Tookie's victims

Death Penalty | Lost in the hype about Stanley Williams' death sentence were the lives he took in 1979

Issue: "Comfort and joy," Dec. 24, 2005

Lost amid the clemency cries for Stanley "Tookie" Williams was much talk about why, exactly, a judge sentenced him to die. That the Crips streetgang co-founder, executed at San Quentin State Prison in California on Dec. 13, murdered four people crossed the wires, yes. But as Williams' date with death approached, most media zoomed in on the celebrity clemency clamor, while training soft focus on the nature of the death-row killer's crimes-and his sprawling urban legacy of assault, rape, and murder.

In the early-morning hours of Feb. 28, 1979, Williams, wielding a 12-gauge sawed-off shotgun, burst into a Los Angeles convenience store. While three accomplices robbed the till, Williams jammed his weapon into store clerk Albert Owens' back and forced him to walk to the stockroom.

"Lay down, [expletive]!" Williams said. Mr. Owens, 26, an Army veteran and divorced father of two, complied. Williams then fired two shots into his back. Accomplices in the robbery later testified that Williams bragged about the gurgling noise that his victim made while dying: "You should have heard the way he sounded when I shot him."

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Less than two weeks later, at a South L.A. motel owned by his family, Robert Yang was asleep when he heard loud banging. Then he heard gun blasts and screaming. When he reached the motel office he found his 63-year-old mother, Tsai-Shai Yang, his father Yen-I Yang, 76, and his sister Yee-Chen Lin, 43, all dying from shotgun wounds. Williams, before robbing the motel cash register of about $100, had shot Yang's father and sister twice each, and his mother once in the face, all at point-blank range. The killer later told friends that the next time he committed a robbery, he would murder his victims "just like I blew them Buddaheads away."

During 24 years in prison, Williams generated a blizzard of appeals that proclaimed his innocence and, ironically, given his racist 1979 statement, charged that racial bias had tainted his 1981 murder trial. He clung to those claims until the end. On the night of his execution, Williams spoke by telephone with Linda Owens, the former wife of Albert Owens, whom Williams was convicted of killing in 1979. In an e-mail to the Sacramento Bee, Ms. Owens said Williams again told her he was innocent.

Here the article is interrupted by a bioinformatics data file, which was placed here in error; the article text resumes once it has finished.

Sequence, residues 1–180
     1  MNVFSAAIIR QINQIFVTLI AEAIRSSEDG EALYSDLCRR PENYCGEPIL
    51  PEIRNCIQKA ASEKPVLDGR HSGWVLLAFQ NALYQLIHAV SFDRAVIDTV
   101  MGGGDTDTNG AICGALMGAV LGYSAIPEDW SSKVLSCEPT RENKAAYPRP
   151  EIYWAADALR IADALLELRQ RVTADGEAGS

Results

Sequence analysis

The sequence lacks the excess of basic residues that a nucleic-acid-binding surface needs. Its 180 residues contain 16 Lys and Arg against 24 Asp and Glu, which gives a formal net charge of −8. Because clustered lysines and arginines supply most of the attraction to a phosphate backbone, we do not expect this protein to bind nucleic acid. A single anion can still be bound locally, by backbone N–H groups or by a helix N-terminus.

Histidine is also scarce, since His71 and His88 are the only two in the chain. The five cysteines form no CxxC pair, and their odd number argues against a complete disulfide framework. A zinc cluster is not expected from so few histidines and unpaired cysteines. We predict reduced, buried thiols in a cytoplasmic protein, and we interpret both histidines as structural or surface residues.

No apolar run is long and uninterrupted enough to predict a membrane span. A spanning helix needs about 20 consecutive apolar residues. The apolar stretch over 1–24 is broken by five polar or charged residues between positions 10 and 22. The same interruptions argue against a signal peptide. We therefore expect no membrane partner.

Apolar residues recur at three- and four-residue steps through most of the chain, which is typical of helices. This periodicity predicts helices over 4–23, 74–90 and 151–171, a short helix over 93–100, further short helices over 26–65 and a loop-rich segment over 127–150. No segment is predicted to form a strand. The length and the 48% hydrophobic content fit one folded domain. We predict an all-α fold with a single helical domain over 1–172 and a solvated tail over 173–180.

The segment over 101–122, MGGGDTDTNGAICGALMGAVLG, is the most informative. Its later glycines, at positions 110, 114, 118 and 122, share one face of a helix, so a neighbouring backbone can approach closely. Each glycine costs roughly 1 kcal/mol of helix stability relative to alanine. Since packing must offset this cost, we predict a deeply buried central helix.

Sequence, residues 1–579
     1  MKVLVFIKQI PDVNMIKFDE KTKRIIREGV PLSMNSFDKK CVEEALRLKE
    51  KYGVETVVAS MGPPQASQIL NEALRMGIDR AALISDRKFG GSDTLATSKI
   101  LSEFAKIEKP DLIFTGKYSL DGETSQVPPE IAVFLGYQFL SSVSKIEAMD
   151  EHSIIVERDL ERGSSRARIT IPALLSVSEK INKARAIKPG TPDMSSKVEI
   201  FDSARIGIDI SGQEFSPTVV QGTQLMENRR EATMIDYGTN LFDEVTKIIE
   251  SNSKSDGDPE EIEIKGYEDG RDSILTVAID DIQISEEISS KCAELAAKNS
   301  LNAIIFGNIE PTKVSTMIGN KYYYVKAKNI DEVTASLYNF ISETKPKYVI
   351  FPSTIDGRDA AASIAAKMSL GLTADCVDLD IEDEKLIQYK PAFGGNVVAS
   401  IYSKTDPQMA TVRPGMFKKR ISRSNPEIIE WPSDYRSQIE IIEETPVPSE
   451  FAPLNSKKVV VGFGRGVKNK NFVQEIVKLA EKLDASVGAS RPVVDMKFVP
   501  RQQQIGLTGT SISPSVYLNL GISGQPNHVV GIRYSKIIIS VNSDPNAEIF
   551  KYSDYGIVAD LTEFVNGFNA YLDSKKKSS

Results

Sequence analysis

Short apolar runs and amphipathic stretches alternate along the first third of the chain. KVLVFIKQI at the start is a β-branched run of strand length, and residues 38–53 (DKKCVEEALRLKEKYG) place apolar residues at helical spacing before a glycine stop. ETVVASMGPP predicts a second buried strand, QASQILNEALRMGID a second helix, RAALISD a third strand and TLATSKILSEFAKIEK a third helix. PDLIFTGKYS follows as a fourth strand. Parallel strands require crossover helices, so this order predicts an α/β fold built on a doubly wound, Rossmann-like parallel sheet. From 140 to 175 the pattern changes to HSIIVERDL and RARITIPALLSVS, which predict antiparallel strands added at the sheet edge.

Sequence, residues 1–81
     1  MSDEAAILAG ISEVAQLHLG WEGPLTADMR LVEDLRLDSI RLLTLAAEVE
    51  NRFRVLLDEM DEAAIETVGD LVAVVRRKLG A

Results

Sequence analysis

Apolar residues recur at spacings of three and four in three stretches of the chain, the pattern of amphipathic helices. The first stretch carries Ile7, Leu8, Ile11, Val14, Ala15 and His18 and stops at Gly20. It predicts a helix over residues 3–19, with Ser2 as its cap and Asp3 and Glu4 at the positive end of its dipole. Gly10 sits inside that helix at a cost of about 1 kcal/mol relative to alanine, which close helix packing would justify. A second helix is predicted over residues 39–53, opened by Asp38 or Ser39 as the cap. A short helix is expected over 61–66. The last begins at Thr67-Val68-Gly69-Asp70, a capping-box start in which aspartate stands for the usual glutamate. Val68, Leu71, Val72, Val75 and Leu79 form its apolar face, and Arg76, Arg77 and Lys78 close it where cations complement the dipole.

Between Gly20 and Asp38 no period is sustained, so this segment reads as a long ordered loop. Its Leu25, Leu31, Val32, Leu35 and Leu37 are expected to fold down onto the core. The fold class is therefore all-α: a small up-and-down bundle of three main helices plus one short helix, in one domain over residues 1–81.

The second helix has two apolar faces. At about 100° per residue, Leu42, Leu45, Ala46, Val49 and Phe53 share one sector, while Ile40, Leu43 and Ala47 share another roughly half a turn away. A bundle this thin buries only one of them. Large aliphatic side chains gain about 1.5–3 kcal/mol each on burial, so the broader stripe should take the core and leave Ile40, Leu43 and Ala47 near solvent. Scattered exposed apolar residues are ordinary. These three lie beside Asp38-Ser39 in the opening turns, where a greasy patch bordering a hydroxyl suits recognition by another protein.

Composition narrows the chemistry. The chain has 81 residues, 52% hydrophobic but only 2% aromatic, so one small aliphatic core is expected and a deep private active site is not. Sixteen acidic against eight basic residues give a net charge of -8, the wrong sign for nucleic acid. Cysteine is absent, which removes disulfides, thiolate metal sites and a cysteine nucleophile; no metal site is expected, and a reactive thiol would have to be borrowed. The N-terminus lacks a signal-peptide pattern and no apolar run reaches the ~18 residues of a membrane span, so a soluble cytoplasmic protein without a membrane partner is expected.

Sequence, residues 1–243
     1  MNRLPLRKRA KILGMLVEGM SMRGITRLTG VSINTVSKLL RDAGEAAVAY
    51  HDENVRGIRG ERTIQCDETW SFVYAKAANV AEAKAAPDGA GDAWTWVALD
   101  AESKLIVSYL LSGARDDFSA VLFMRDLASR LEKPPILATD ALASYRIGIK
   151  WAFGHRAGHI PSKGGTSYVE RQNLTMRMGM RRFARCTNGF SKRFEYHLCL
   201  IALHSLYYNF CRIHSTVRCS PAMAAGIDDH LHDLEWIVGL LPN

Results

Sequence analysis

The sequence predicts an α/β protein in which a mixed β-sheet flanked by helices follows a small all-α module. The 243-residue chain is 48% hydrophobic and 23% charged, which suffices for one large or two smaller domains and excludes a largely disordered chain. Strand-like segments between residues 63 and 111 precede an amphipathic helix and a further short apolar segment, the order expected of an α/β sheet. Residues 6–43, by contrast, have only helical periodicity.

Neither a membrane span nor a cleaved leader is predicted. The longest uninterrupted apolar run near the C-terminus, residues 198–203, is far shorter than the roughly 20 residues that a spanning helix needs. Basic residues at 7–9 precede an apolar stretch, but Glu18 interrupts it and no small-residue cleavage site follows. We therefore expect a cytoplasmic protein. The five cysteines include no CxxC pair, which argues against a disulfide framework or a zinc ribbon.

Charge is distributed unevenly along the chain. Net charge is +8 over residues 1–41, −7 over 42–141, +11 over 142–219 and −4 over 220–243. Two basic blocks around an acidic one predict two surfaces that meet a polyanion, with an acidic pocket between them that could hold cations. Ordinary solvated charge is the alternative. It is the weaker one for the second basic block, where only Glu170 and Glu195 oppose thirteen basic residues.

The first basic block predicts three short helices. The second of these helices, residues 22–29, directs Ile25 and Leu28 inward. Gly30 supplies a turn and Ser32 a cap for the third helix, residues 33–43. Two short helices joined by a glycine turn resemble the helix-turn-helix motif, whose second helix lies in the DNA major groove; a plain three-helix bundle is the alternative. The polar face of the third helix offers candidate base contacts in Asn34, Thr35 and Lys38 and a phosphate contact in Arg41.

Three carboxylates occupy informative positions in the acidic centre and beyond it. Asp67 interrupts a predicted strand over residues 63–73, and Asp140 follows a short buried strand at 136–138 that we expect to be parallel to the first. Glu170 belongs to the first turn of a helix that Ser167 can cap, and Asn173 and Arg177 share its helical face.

His persistent denial seems to have figured heavily in Gov. Schwarzenegger's decision to deny clemency. "Without an apology and atonement for these senseless and brutal killings, there can be no redemption," Mr. Schwarzenegger said in a Dec. 12 statement denying Williams clemency. "In this case, the one thing that would be the clearest indication of complete remorse and full redemption is the one thing Williams will not do.'

Instead, Williams and his advocates relied on what they said were the death-row inmate's good works. After Williams appeared in a 1993 video to endorse a truce between Los Angeles street gangs-he had helped found one of them, the notorious Crips, in 1979-former journalist Barbara Becnel spent the next dozen years promoting Williams as an advocate of peace. She also helped him write nine children's books that warn kids of the dangers of gangs.

The actual impact of the books remains unclear, but publicity from them motivated a member of the Swiss parliament to nominate him for a Nobel Peace Prize in 2001. Others renominated Williams each year thereafter. As his execution date approached, clemency for Mr. Williams became a liberal cause célèbre for some Hollywood stars and Democratic politicians. California Assemblyman Mark Leno (D-San Francisco) praised Williams for his "redemptive efforts to steer kids away from violence."

In that effort, Williams' failure hit close to home. In 1994 his son, Tookie Jr., was convicted of murder. Meanwhile, between the Crips' 1979 inaugural year and 2003, more than 9,700 gang-related homicides occurred in Los Angeles County alone, according to California justice department records. Hundreds were drive-by shootings, a murder technique introduced and perfected by the Crips.

In the end, Williams escaped the kind of bloody street death glamorized by his legacy gang. Instead he died before 39 jailhouse witnesses, strapped to a gurney with a needle in his arm-and, perhaps, with Linda Owens' last words to him ringing in his ears: "Go with God."

Lynn Vincent
Lynn Vincent

Lynn is a senior writer for WORLD Magazine and the best-selling author of 10 non-fiction books.


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